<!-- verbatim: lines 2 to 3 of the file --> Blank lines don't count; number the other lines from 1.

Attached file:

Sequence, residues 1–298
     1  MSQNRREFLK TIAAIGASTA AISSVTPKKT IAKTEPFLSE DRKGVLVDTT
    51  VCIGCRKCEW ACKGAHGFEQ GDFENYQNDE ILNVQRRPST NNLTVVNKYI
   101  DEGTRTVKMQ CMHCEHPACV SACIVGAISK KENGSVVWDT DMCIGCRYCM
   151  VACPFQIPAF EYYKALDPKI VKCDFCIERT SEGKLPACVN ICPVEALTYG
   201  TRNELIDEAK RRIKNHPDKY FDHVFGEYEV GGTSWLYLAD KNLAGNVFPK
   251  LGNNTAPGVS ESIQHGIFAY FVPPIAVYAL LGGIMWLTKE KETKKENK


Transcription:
     1  MSQNRREFLK TIAAIGASTA AISSVTPKKT IAKTEPFLSE DRKGVLVDTT
    51  VCIGCRKCEW ACKGAHGFEQ GDFENYQNDE ILNVQRRPST NNLTVVNKYI